OPINION: IN A SPICY 2018, IS 4 COMPUTERS ENOUGH TO MEME FREELY?
By Jonathon Davidson
Sponsored by Ripcurl
Did you know the library only has four computers available for the alumni community? That's fucked, right?
That's pretty much my article. Anyway, I'll expand:
The spectre of scarcity haunts Murdoch.
What do you mean?
Jess, 21. Studying English.
Hey Jess, thanks for getting in touch.
If you're part of the alumni community, this is for you. Sheepish, first year muzhiks — you need not continue reading, nor need undergraduate participants enrolled in subsequent years thereof. Rather, this article is for those who have advanced their piece on the monopoly board of life, who chose one of the cool pieces, like the top hat — real, OG, out-there-on-the-street type characters, back-to-school-and-off-the-record movers and shakers. The innovators, descending down Merry Lane, towards a future of eternal light, one of innocence and peace, formless and without name.
I'm talking about the alumni community.
That's people who've graduated, right?
Mike, 19. Studying "Sports Science".
That's right, Mikhael — the unemployed.
We've only got four computers we can use in the library. I am pretty sure under the Geneva Convention, that is illegal. I am not sure which section of the document. It may be an addendum, but it's probably in there. At any rate, the onus of proof isn't on me to go out of the way to provide evidence. I attended centrelink last week, okay, so how about instead, you look it up on your own computer, maybe the one you've literally got right in front of you, Karen, okay, is that cool?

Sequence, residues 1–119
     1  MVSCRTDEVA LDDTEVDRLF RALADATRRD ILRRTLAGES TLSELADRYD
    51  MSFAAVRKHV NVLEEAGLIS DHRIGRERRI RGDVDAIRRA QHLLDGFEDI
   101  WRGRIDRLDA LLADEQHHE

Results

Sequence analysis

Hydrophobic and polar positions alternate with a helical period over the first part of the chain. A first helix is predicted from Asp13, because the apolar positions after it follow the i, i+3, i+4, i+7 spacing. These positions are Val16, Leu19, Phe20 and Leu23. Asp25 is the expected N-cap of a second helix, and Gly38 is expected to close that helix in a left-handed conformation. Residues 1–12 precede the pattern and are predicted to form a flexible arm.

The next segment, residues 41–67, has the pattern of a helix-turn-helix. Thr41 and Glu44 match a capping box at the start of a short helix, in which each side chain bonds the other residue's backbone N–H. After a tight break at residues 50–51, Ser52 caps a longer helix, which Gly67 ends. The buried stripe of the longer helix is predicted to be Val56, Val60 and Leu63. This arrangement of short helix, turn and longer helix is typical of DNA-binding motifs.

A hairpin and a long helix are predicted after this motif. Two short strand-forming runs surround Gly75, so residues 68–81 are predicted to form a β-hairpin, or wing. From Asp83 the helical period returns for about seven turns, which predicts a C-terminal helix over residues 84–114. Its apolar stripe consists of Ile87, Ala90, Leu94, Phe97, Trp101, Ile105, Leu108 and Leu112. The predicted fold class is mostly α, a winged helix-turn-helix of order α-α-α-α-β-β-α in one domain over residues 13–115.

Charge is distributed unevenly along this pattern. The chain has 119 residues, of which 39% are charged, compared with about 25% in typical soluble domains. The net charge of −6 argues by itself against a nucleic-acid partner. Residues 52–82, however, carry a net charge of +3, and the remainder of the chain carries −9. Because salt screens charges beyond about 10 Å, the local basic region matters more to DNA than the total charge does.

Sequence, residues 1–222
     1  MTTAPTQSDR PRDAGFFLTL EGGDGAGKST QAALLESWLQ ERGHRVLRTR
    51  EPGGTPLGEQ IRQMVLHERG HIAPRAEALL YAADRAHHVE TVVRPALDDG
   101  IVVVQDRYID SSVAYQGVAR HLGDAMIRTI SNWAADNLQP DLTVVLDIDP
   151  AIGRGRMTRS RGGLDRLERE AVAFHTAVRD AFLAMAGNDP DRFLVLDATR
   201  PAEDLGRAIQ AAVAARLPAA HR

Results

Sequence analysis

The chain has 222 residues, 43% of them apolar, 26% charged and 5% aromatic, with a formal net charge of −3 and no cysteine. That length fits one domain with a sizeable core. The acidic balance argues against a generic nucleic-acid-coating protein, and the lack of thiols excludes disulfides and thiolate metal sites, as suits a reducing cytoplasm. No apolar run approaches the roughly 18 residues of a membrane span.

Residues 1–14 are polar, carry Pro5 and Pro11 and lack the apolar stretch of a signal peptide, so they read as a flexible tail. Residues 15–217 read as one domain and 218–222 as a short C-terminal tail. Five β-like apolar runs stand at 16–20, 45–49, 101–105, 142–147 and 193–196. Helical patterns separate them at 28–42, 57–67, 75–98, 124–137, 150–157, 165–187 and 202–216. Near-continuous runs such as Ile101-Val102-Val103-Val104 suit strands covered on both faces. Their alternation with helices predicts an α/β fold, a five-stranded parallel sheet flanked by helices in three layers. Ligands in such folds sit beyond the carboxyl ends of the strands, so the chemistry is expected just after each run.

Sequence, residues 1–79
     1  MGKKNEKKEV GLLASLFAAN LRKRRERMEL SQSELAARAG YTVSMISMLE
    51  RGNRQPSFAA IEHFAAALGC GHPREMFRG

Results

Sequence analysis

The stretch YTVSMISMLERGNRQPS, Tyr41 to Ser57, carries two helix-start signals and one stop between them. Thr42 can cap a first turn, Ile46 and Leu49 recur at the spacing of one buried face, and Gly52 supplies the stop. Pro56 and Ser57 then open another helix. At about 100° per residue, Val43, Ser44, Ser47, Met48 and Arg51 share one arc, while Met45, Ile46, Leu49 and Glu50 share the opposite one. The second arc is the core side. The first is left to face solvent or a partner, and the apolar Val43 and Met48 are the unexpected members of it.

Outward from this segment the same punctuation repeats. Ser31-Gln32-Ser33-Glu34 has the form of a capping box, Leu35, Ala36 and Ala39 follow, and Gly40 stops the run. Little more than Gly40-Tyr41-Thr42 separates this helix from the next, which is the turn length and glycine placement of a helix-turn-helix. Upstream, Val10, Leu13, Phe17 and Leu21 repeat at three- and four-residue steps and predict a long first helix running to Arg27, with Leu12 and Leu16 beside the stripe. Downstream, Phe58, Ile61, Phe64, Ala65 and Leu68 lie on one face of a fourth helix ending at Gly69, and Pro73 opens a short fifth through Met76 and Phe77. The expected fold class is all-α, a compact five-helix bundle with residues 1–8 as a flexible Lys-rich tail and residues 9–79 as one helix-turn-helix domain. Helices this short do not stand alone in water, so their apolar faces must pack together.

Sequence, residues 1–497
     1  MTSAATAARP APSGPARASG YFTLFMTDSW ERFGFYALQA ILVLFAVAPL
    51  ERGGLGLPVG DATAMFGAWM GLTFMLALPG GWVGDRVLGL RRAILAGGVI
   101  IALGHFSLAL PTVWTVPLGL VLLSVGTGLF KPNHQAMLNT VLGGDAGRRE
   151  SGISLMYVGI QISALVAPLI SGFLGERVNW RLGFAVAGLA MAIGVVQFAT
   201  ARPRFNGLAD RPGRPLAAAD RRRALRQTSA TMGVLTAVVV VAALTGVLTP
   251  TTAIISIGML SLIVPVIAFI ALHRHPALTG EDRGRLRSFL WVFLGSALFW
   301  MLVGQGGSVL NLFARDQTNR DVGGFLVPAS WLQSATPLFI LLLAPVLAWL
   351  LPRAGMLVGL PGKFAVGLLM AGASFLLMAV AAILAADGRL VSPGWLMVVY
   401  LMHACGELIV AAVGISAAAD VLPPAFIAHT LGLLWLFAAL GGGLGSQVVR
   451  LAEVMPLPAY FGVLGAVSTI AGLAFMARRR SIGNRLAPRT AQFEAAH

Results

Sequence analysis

Why does literally any of this matter?
Joe, 18. Studying Geology.
Sweet Joe, There are a litany of problems with the world today, which we know full well, because it's all they goddamn talk about at university. The International Criminal Court, still infantile, may one day truly provide the model for international accountability and governance it envisions. Consider, for example, the descending trajectory of funding for public libraries and digital rights groups in the last decade. We see progressive action in small enclaves of supporting areas, but a larger picture is obvious — in late-modern free market society, there is a societal degradation of the public's dormant background impetus to engage meaningfully the policy decisions surrounding deeper and more abstract desires for a shared but personal union with tenements of accessible knowledge, which, in 2018, to the common and rational observer, probably looks something like having more than four computers in a library. If there was some kind of palpable advancement with the ICC, we could maybe apply rights of the living being to cultural sectors, and sue for criminal negligence. That's what this article is about, now.
Why do you need to spoil it by swearing?
Alex, 23. Studying Animal Science.
Consider, as all the tutors insist upon doing, the Greeks:
Nah, I'm just having a bit of a laugh. Ha-ha.
Nothing serious, guys.
I don't know anything about Greeks anyway, because there's only four computers.